It has been a few days since the final season of Netflix' German mind-bending thriller Dark had its final season and even though the climax was received in one way or other by some, the overall consensus has been good. The travel thriller from creators Baran Do Odar and Jante Friese had some burning questions, where some of them were answered by them in an interview with The Hollywood Reporter. Jonas and Martha basically sacrificed themselves and their own worlds in order to stop the loop and save their origin world.
Odar opened up on it saying, " I definitely view it as a happy ending, though you can also interpret it as a suicide mission, of course. I always liked the idea that there are two components who are opponents, fighting each other all of the time, actually having to realize that they are not important. They have to realize that, yes, we suffer and we have pain and desires, but we two are not so important that we must exist so someone else can't be happy. For me, it's a very happy ending, realizing it's not just about you all of the time. You can actually do something good by not being there so someone else can be lucky and happy. It gives this other world a huge chance. I always loved that idea. That's why, for me, it's a very happy ending, even though it feels very sad."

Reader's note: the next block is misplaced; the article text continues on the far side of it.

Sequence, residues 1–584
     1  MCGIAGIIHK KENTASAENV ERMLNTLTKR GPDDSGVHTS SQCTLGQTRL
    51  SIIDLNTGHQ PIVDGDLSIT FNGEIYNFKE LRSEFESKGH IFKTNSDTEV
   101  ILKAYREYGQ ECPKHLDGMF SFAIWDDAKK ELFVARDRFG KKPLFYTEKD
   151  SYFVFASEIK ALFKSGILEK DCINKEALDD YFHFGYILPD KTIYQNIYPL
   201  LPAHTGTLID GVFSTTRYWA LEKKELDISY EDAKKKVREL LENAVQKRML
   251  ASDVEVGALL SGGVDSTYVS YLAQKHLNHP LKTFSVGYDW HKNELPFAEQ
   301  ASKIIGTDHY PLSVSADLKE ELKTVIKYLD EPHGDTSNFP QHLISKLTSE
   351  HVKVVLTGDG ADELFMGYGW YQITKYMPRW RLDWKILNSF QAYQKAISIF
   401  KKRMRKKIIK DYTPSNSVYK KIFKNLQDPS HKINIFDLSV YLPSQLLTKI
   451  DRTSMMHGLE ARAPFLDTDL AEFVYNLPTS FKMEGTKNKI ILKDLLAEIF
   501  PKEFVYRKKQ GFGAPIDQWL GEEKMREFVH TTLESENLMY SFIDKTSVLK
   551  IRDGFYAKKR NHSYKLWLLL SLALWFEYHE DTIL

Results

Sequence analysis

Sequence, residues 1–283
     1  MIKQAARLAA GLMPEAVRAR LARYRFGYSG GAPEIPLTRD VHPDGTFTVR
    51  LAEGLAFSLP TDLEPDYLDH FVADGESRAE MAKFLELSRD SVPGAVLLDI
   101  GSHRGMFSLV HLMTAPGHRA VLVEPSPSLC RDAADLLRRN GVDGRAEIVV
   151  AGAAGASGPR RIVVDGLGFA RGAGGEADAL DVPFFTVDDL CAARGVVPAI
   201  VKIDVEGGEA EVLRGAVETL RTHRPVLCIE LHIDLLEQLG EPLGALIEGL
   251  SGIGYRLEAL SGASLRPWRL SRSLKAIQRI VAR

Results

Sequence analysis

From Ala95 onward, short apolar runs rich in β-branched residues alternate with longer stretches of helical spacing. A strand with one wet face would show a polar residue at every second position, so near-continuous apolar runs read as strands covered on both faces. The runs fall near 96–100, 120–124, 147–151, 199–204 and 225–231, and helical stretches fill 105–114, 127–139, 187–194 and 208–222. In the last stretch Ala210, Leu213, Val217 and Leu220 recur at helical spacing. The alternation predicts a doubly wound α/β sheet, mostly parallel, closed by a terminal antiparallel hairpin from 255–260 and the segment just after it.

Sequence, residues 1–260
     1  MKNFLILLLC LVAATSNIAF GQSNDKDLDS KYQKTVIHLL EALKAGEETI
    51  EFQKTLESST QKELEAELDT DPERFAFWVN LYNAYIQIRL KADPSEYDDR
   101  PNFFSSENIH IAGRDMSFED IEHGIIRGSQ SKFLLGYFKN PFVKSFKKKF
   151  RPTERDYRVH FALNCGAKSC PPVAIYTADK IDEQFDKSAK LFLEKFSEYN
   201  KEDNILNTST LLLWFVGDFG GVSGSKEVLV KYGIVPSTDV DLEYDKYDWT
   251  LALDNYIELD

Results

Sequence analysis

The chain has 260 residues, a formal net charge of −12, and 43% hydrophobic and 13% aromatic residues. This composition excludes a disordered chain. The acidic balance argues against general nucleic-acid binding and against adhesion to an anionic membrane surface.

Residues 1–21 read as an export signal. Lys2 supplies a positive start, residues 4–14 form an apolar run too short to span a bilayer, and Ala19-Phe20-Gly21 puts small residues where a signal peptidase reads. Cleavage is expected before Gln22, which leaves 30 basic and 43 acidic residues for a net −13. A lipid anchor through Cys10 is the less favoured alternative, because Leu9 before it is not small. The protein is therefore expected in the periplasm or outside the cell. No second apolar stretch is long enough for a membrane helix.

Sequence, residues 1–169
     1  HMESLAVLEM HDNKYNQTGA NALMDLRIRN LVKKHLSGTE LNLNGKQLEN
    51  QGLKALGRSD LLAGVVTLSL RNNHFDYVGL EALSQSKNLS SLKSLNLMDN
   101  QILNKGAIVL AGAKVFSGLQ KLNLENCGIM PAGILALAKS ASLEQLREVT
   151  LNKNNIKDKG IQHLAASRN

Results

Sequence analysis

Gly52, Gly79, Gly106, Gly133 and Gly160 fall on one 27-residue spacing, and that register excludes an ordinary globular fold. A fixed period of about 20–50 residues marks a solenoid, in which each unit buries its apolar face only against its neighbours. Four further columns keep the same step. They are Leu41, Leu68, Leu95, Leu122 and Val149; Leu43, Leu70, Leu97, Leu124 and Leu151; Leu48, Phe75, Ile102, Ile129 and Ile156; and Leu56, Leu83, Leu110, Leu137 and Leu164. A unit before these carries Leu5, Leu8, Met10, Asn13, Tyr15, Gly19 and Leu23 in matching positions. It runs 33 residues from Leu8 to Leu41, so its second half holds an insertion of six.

On the final scene ending with a dinner party in the origin world, Friese said, "It was one of the things we always wanted to do. We always knew we wanted to save Regina. That was the thing Claudia wanted to achieve. We wanted to make sure we got there. We wanted to end on something that looks normal. We wanted it to be something that everyone can relate to: dinner with family and friends."
When asked about if there is still a story to tell in the universe of Dark, or do they feel closed at this point. Friese said, " I think there is a lot to tell. I love that there's so much fan fiction out there. I think it's great. People write stories about the relationships between Aleksander and Regina, and stuff like that. I think that's awesome. If you leave enough open for people to pour their own creativity into it… in that way, it lives. But I don't want to fill those gaps."